A correlation study conducted with small group of 7 and 9 year olds demonstrated a positive relationship between diet quality, in particular dietary fibre content, and performance on a task designed to assess attention and the ability to disregard distracting stimuli.
65 children undertook a modified version of the Erikson Flanker Test in which they were asked to pay attention to the direction of a fish in the centre of a computer screen and to try to ignore other fish that appeared on the screen at the same time that were facing either the same direction or the opposite direction of the target fish. Their results were correlated against food diaries that tracked a range of nutrients and subsets of nutrients. For example fats were broken down in to saturated fatty acids, cholesterol, omega-3s and DHA .
They found that children who had higher fibre diets had significantly improved accuracy scores on the Flanker test. The results showed that soluble fibre was associated with overall accuracy and pectin was particularly linked to accuracy in the version of the test that required greater effort. The researchers postulate that the effects might be linked to better control of blood sugar and/or the interaction of the gut microbiota. Fibre cannot be assimilated into the body but is highly fermentable by the bacteria in the gut. Some of the important end products of this fermentation are short-chain fatty acids, which have been linked to reduced inflammation in the brain and increased BDNF, compound associated with the creation of new brain cells.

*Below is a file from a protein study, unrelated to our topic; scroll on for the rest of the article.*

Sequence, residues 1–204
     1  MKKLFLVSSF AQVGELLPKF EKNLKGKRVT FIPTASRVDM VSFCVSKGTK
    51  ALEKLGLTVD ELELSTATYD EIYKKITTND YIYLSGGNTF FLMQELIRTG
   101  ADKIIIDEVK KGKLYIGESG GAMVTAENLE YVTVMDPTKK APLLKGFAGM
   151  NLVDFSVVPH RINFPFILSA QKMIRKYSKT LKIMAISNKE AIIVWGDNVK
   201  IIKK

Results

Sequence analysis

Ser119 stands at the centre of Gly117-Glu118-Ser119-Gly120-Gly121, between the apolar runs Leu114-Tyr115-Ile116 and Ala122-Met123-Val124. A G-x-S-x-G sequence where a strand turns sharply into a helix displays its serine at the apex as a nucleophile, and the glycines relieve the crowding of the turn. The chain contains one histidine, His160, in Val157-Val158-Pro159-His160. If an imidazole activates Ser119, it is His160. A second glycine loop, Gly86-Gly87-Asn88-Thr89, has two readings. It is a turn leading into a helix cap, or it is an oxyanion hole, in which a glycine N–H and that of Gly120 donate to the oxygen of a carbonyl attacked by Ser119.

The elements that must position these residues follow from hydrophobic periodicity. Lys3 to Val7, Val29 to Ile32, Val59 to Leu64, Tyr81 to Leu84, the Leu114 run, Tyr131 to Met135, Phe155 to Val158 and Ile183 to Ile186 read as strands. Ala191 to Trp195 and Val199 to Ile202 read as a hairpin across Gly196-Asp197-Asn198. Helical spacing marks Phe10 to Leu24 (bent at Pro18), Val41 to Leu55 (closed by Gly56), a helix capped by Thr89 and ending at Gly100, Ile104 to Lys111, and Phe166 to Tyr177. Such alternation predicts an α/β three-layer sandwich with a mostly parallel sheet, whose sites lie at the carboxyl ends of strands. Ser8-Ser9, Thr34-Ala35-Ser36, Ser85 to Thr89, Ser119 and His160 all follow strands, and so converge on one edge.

Whilst this study was conducted on children it is highly likely that the outcomes will be similar in adults.
- High soluble fibre foods: Oats and oat bran, beans, lentils, apples, pears.
- High insoluble fibre foods: Wheat bran and wholegrains, brown rice, seeds, fruit and vegetable skins.
- High pectin foods: Apples, pears, quince, peaches, plums, oranges, lemons, grapefruit, gooseberries, apricots, guava, carrots, tomatoes.
Khan, N. A., Raine, L. B., Drollette, E. S., Scudder, M. R., Kramer, A. F., & Hillman, C. H. (2015). Dietary Fiber Is Positively Associated with Cognitive Control among Prepubertal Children. The Journal of Nutrition, 145(1), 143–149. http://doi.org/10.3945/jn.114.198457